The sacred and holy Name of Jesus is “the Name to which every knee must bend in the heavens, on the earth and under the earth” (Phil 2:10-11). It is feared by demons always. They normally would not say It or want to hear It but they must submit to any command that is issued in His Name. The only exception is if they are given a command to say His Name as their sign of departure indicating that their power has been totally vanquished. I have ordered demons to say, “Jesus is Lord” as they depart from a person and go to the Foot of the Cross. It is also odious to them when believers speak the sacred Name respectfully or in a word of Scripture or some liturgical prayer. Above all, the Name of Jesus represents the authority of God over the power of evil, and they must obey the unworthy minister who wields it to cast them out.
Q: I’ve heard crazy stories about the types of things that happen in exorcisms: objects flying off of shelves, the possessed person levitating, etc. How often do you encounter things like that?
Not often. Most of the dramatic stuff you see is Hollywood’s presentation of exorcism, and of course Hollywood has a vested interest in dramatizing the encounters. The movie versions of exorcism all wildly exaggerate the power of the devil and the drama that takes place in an actual exorcism. I don’t deny that some of the exorcisms can be dramatic, but the vast majority of them are pretty banal.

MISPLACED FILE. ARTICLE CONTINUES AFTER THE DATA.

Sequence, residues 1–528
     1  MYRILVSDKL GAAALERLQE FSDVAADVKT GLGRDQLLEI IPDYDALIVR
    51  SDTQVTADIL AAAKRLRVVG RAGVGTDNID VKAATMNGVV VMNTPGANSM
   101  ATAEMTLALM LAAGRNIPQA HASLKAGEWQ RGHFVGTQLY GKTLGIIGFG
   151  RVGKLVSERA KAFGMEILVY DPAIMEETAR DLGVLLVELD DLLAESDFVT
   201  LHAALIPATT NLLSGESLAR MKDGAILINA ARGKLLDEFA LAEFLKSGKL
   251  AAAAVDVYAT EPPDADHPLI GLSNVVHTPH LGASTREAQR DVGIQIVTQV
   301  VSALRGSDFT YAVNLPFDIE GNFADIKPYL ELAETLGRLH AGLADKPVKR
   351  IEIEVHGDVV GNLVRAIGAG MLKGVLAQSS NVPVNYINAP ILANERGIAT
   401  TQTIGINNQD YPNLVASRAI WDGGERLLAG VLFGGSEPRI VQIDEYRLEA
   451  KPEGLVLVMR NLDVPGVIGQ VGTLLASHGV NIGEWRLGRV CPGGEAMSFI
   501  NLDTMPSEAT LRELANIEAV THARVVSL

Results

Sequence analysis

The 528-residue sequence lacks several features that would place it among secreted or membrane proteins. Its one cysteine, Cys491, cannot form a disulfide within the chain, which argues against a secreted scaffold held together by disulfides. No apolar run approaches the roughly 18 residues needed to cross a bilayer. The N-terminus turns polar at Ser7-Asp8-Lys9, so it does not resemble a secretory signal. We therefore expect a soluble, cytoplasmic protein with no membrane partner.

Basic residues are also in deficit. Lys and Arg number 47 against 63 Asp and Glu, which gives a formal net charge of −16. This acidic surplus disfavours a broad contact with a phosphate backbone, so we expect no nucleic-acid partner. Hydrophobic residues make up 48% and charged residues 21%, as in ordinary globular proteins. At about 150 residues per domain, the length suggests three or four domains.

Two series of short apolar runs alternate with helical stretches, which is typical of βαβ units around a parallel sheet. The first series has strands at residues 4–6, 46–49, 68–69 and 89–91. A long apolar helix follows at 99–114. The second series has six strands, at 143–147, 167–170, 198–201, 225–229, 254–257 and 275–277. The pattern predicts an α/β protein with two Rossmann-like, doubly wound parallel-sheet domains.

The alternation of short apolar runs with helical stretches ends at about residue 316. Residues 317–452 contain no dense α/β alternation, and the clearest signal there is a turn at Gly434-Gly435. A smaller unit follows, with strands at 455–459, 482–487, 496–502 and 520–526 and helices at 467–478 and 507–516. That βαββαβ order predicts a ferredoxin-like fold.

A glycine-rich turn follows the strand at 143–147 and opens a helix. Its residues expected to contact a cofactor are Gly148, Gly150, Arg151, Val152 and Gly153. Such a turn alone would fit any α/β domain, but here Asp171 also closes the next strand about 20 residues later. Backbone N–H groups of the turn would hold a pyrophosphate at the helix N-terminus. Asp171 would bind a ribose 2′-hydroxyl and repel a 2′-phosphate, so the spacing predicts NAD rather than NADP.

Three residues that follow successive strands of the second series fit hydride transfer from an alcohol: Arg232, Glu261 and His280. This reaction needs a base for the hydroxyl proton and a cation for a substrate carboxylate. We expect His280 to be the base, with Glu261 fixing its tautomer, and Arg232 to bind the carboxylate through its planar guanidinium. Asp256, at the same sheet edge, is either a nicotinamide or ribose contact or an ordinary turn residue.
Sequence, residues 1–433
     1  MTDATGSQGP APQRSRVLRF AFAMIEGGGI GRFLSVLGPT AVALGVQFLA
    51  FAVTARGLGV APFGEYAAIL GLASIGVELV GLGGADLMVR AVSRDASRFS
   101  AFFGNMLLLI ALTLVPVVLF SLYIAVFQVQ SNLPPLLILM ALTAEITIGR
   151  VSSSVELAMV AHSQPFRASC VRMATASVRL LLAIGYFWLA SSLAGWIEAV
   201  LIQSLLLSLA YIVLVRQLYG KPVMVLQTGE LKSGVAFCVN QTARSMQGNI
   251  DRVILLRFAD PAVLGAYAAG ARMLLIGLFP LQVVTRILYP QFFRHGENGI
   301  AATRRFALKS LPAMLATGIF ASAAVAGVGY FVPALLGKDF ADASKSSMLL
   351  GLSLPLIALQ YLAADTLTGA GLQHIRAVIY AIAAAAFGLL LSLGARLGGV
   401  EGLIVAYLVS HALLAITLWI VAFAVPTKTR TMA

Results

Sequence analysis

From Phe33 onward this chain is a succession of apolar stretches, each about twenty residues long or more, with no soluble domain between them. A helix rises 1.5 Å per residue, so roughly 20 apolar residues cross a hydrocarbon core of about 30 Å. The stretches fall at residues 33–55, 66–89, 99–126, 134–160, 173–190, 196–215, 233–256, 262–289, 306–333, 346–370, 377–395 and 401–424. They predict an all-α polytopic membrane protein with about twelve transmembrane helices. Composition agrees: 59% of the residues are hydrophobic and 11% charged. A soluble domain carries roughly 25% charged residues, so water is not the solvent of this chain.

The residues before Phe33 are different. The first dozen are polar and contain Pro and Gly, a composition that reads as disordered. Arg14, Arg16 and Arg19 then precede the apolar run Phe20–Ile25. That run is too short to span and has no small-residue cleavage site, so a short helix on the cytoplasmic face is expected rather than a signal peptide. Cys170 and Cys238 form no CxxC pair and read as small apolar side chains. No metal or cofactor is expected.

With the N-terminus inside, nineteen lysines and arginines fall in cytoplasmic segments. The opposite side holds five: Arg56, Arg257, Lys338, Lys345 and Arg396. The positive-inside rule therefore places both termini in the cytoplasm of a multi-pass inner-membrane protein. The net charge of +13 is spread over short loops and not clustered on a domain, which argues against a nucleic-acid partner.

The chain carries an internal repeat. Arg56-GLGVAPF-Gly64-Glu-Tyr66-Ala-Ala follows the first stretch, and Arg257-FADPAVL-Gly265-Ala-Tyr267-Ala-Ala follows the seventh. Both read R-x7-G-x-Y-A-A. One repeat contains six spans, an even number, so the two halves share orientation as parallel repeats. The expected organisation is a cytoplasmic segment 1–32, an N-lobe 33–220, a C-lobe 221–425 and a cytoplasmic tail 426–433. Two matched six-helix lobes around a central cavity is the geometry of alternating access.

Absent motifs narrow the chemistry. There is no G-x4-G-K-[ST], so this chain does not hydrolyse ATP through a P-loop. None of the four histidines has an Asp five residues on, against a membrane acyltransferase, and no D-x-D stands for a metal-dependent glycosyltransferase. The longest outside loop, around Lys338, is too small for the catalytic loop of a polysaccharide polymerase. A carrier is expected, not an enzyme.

Q: How, then, can you tell the difference between true possession and someone who is mentally ill, or perhaps just acting?
The exorcism ritual itself teaches us to look for three criteria as signs of true possession, although the list is not exhaustive:
- Speaking in esoteric languages
- Superhuman strength
- Occult knowledge (i.e. revealing something in a possessed state that the person would have no human way to know about)
One or more of these phenomena usually indicate a state of possession. Fully possessed people who exhibit these signs are fairly rare but they are out there. In the cases where these elements are displayed to a lesser extent, we work with professionals to determine how much of it has a natural origin and how much has a spiritual origin. We don’t automatically assume possession just because a person says he has a demon.